flaubert said...

Dave, what's a poetry app? I write my own words be it good or bad. My cell is for phone calls, and I don't accept cancellation of classes by way of text. My students know that.

Pamela

Dave King said...

jabblog
The more I Google the less useful I find the results. I think I now know why.

Jim
I had never heard of flarf. I thought you'd made a typo. I shall have to research that - and I shall definitely look forward to your post.

Carl
In the main I agree with your points re art and technology. But what about the possibilities of tinkering? They were always there, of course, but the boundaries have been pushed back almost to the point of non-existence. In the end I believe it's a gut feeling. It's the familiar artist's instinct of knowing when t stop.

David
No, that's not a cop out, it's how I feel. I have no objection to other sites doing the same thing, but I don't want Google doing it. THAT's not logical - and that's what bothers me.

Mary
I remember my remark about your poe, It was not intended to mean that your post WAS chopped-up poetry, but that re-written as prose or prose-poetry, it might have something extra to add. Sorry if I didn't make myself clear.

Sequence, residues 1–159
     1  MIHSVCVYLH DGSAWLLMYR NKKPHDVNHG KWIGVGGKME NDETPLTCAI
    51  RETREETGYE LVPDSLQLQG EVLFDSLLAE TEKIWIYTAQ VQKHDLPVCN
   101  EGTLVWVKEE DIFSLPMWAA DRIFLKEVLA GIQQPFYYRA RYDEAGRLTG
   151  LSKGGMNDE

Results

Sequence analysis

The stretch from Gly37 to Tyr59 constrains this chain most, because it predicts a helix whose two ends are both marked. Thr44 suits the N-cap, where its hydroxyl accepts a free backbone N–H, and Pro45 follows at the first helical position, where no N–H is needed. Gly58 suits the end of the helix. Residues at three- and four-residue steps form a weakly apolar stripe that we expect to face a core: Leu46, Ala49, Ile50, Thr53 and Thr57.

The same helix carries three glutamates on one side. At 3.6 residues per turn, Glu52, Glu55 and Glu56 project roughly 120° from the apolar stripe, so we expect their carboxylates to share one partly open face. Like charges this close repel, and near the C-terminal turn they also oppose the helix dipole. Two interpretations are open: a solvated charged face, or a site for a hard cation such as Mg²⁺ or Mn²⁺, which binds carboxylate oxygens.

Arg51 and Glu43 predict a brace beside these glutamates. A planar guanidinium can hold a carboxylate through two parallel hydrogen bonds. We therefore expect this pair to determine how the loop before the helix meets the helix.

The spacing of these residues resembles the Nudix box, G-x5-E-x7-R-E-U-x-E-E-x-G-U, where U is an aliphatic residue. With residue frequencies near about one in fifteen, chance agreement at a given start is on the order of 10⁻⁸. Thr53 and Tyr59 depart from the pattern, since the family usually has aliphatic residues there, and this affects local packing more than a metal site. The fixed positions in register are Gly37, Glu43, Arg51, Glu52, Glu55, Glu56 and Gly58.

Tabor
I think you may be spot on with your last remark. And not just from the algorithms becoming more accurate. There effect s cumulative. What I have noticed is that after a spell in which my research has been directed in a certain direction, if I then try to take another tack, Google tries it's best to get me back on the old one. It insists that it knows better than I what I want.

Tommaso
I suppose that if you continually look up odd, unrelated topics as you might in a printed dictionary or whatever, the effect of Google's algorithm would not be felt.

Cait
app simply stands for application. You download it on to your mobile phone to do whatever it purports to do - only I don't because my phone is too basic.

Windsmoke
Agreed!

flaubert
All of which is the way it should be. I'm not sure EXACTLY what a poetry app does or doesn't do - not having one - except that it seems one can use it to write poems for you - in some degree or other.

Two Tigers said...

Dave, I knew of neither of these shudder-worthy realities! It's bad enough that Google "prompts" my searches by typing in what it thinks I am asking for. But to think it provides me filtered answers as well! As for poetry apps, I feel the same way about them as I do those magnetic poetry tiles that became popular a while back. Anyone could arrange them and make what passed for verses. It's fun, but is it poetry? I think not. Thanks for this insightful post!

Crafty Green Poet said...

I don't have a mobile phone at all! The thought of all the apps you can get just makes my head hurt, at the best of times... the poetry one sounds unnecessary and counterproductive.

I've noticed that if I search for something on Everyclick (one of the search engines that gives money to charity) then the results vary for me day to day for the same term. (Actually i can refresh the page and get a different set of page one results for the same term)